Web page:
Relieve Neck Tension With This Short Therapeutic Practice


Editor's note: The below are intended to be general recommendations for yoga practitioners and teachers. They are not a replacement for the personal advice of a health professional. Yoga teachers should remain within their : This means not attempting to diagnose, treat, or offer medical advice to students.

When I finished writing my first book a couple of years ago, I noticed that the long hours spent at the computer had taken their toll in the form of radiating pain and tingling down my arms. My rheumatologist prescribed a set of strengthening exercises for my “tech neck.” Because I am a yoga therapist, they were already part of my movement vocabulary, but I wasn’t practicing them frequently enough to address my issues. He stressed the need to perform them in a particular sequence, to activate the muscles in a specific order, and to do them up to 10 times a day. I put my trust in him, as he was adamant, and I not only saw very good results in two weeks but have been doing them less frequently for several months with no recurring discomfort.

Neck pain can be caused or exacerbated by muscular weakness or repetitive muscular strain (as I experienced after spending several hours at my desk writing each day), but it can also be the result of many other factors, including diseases like rheumatoid arthritis, meningitis, and cancer, as well as injuries, worn joints, spinal disc issues, and more. 

Regardless of what causes our neck discomfort, though, strengthening our neck muscles can help us keep our head on its axis, in its central alignment, and thus avoid—or even reduce—neck pain.

The Sequence

I’m going to describe the exercises I was given with breath cues for added guidance so you can easily incorporate them into a yoga practice. If you’re experiencing neck discomfort, or other related effects of spending long periods of time working with your neck in the same position, try doing them regularly, in the order described, and see if it makes a difference. (As always, if you’re experiencing any sort of pain or discomfort, talk to your doctor before embarking on a new exercise routine.)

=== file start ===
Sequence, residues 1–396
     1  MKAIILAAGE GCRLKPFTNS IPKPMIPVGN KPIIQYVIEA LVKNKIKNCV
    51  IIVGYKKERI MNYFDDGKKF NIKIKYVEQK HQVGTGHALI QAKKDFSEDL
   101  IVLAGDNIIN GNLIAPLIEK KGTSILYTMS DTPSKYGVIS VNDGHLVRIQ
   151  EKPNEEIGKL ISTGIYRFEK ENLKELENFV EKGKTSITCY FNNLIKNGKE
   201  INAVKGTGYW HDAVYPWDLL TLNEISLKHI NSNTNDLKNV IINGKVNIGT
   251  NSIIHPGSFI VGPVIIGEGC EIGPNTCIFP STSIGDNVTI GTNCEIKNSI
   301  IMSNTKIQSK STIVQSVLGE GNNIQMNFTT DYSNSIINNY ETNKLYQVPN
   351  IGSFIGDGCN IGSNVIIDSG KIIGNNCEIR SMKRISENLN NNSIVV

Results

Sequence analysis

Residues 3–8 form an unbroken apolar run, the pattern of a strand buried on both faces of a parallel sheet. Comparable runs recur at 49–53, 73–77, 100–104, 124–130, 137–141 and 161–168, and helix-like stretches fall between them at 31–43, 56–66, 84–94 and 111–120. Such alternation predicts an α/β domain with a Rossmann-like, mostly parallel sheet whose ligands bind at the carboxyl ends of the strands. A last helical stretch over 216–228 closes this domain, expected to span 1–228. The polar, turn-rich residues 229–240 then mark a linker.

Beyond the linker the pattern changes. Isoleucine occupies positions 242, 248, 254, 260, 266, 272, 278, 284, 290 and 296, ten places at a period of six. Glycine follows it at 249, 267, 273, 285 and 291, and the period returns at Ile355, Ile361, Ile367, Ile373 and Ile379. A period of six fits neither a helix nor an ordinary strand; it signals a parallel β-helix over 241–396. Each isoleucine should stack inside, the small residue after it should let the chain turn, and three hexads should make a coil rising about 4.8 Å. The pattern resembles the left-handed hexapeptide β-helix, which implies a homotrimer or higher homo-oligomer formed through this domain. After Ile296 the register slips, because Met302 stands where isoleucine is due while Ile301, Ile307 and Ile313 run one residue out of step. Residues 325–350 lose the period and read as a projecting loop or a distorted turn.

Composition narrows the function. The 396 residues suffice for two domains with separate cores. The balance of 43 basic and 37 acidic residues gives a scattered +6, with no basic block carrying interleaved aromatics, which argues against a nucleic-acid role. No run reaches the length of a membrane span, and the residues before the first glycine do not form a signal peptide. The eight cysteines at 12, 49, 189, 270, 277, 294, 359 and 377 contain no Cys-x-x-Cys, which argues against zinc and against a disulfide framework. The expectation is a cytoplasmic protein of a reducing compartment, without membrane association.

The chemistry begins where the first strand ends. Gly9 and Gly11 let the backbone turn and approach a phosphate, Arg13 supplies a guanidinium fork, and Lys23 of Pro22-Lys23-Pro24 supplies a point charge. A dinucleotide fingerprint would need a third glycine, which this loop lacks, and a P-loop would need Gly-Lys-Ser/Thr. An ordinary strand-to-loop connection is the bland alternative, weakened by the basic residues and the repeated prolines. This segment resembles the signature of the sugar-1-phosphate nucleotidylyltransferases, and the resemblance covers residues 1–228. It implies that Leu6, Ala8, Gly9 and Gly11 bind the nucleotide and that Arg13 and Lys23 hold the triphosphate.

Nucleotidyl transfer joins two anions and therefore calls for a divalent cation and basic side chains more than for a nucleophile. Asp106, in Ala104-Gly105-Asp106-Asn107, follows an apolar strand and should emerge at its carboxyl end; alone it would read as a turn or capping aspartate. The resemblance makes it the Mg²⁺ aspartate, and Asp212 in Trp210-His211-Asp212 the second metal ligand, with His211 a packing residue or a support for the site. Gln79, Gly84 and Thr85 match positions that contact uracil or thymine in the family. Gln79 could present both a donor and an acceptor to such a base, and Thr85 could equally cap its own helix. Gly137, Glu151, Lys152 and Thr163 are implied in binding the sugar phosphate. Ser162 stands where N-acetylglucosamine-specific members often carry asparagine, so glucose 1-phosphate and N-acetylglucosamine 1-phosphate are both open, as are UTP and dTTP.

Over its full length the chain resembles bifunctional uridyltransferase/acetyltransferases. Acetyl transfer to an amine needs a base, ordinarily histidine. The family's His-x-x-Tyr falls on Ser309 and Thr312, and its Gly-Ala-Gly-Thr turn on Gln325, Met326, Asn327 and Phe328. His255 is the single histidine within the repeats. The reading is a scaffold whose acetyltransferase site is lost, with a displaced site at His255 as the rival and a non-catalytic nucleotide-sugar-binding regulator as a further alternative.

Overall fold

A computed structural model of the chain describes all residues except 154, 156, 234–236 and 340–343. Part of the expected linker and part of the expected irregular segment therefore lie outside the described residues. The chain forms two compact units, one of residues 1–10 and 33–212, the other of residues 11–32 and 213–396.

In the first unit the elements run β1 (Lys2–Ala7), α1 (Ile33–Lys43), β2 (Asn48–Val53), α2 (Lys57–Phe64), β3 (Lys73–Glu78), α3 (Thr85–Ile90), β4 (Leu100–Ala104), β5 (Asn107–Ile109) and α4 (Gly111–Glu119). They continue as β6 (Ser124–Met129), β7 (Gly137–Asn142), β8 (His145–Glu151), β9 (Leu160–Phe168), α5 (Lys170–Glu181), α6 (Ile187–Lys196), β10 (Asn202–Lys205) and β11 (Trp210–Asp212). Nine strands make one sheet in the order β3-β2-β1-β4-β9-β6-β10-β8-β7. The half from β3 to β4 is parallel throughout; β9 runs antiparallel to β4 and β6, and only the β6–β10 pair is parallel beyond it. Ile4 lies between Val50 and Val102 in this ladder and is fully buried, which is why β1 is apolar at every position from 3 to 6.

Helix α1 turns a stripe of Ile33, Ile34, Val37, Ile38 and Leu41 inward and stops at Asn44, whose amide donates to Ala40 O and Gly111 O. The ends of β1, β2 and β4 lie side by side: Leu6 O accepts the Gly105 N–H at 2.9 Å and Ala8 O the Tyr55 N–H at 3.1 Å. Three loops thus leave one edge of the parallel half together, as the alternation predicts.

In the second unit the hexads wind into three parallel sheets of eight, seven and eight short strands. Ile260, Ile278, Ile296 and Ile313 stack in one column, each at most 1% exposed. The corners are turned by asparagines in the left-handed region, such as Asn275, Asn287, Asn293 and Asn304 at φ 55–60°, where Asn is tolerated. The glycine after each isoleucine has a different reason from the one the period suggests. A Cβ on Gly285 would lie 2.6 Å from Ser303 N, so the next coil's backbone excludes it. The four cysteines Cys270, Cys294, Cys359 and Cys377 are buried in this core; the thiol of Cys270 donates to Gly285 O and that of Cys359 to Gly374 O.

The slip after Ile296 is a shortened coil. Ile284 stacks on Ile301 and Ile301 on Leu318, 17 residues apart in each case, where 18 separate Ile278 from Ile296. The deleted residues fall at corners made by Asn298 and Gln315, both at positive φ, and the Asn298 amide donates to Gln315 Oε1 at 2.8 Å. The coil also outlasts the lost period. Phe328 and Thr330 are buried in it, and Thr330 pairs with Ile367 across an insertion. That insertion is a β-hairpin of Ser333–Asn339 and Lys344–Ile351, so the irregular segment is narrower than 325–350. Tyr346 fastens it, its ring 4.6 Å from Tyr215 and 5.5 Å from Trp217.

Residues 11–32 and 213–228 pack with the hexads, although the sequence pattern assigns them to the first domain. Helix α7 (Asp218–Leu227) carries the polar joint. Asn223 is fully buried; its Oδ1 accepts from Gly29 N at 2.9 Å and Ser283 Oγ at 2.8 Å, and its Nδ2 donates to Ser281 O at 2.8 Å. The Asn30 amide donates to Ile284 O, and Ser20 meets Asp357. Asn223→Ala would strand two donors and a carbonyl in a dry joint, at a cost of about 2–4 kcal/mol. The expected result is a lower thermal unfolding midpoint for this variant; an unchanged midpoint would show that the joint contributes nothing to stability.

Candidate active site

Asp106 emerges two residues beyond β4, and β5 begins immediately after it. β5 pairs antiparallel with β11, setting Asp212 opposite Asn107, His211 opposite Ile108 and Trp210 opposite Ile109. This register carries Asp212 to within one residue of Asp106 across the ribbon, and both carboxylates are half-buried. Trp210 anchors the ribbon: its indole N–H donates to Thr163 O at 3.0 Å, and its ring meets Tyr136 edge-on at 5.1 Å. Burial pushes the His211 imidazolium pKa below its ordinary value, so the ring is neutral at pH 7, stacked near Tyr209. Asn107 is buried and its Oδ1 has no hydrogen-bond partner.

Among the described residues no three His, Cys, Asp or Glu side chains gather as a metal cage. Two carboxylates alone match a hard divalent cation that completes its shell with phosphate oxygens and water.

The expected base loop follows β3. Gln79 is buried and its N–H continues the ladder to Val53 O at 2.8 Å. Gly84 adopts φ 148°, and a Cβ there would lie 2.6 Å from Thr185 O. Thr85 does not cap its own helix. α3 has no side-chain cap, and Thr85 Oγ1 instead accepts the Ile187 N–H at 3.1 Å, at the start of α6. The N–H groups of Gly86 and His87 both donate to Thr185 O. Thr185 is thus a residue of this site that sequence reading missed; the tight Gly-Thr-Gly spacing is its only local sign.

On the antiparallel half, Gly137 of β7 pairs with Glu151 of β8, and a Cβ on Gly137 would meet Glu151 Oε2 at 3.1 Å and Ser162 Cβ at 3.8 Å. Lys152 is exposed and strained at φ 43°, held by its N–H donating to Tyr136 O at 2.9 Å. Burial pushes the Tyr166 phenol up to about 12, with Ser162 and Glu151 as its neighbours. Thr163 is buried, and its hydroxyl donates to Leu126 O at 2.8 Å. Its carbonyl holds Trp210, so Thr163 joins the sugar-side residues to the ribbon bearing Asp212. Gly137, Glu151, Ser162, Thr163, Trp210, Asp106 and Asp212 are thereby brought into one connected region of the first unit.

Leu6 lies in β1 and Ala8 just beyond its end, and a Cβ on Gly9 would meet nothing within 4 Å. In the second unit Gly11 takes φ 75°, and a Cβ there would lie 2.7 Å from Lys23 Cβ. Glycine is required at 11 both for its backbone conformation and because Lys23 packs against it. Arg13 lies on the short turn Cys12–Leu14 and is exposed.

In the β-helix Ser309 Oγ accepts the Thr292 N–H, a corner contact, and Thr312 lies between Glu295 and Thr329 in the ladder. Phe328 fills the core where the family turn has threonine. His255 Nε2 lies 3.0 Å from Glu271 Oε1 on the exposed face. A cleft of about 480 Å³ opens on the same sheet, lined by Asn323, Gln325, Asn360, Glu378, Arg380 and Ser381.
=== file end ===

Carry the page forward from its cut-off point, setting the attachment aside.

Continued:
You’ll begin in an upright seated position in a chair or with your hips supported on the floor.

1. The first movement is a “yes” bowing and lifting of your head. From a neutral head position, inhale to start, then drop your chin to a comfortable level on your exhalation. On your next inhale, lift both the front and back of your neck (as if you were a giraffe reaching to nibble leaves high up on a tree) so that there is no compression in your cervical spine. Do 10 repetitions total.

2. Next, your head will move in an aristocratic “no.” Keeping your head on axis, inhale, and then on an exhalation turn your head to the right and inhale back to center. On your next exhale, turn to your left, then back to center on your inhale. That’s one round. Make sure that your head doesn’t jut forward, if that’s your habit. Do 10 rounds total.

3. The next exercise is an ear-to-shoulder movement. Inhale from a neutral head position, and on an exhale drop your right ear toward your right shoulder. Come back to center on your next inhale, then drop your left ear to the left on your next exhale, returning to center on an inhale. That’s one round. Make sure to keep your gaze forward, and draw your occiput (the base of your skull) slightly up and back, chin tucked a bit. Do 10 rounds total.

4. I call this one “turtle head to double chin.” From a tucked-chin position, inhale, and on an exhale reach your head forward like a turtle and draw it back on an inhale, retucking your chin. Some people like to add a tongue extension and an exhale through the mouth as their head pokes forward (especially children!). Do 10 repetitions total.

5. To bring your head back to center in a strengthening way, interlace your hands behind your head, elbows wide, and on an inhale turn your head to the right. Press your head into your hands on an exhalation. Inhale to come back to center. Take an exhale here, and then on an inhale repeat to the left. After you come back to center, take a full breath cycle as you lift and press your head into your hands. One round is enough for this exercise!

I’ve worked with so many people with neck pain and even cervical fusions who have benefited from this series of exercises. If, like me, you too are dealing with neck tension thanks to spending too much time sitting at a desk and/or staring at a computer screen, give these exercises a try, and keep me posted on how it goes for you!

Photography: Andrea Killam

About the Teacher

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Beth Spindler
Beth has over four decades experience in utilizing yoga as a healing modality, plus the highest certification... Read more